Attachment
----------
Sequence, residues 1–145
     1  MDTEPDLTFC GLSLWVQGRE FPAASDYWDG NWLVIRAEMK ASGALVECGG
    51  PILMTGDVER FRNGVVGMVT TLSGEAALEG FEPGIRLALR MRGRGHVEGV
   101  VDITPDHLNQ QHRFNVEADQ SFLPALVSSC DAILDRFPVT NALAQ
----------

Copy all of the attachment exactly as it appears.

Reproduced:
Sequence, residues 1–145
     1  MDTEPDLTFC GLSLWVQGRE FPAASDYWDG NWLVIRAEMK ASGALVECGG
    51  PILMTGDVER FRNGVVGMVT TLSGEAALEG FEPGIRLALR MRGRGHVEGV
   101  VDITPDHLNQ QHRFNVEADQ SFLPALVSSC DAILDRFPVT NALAQ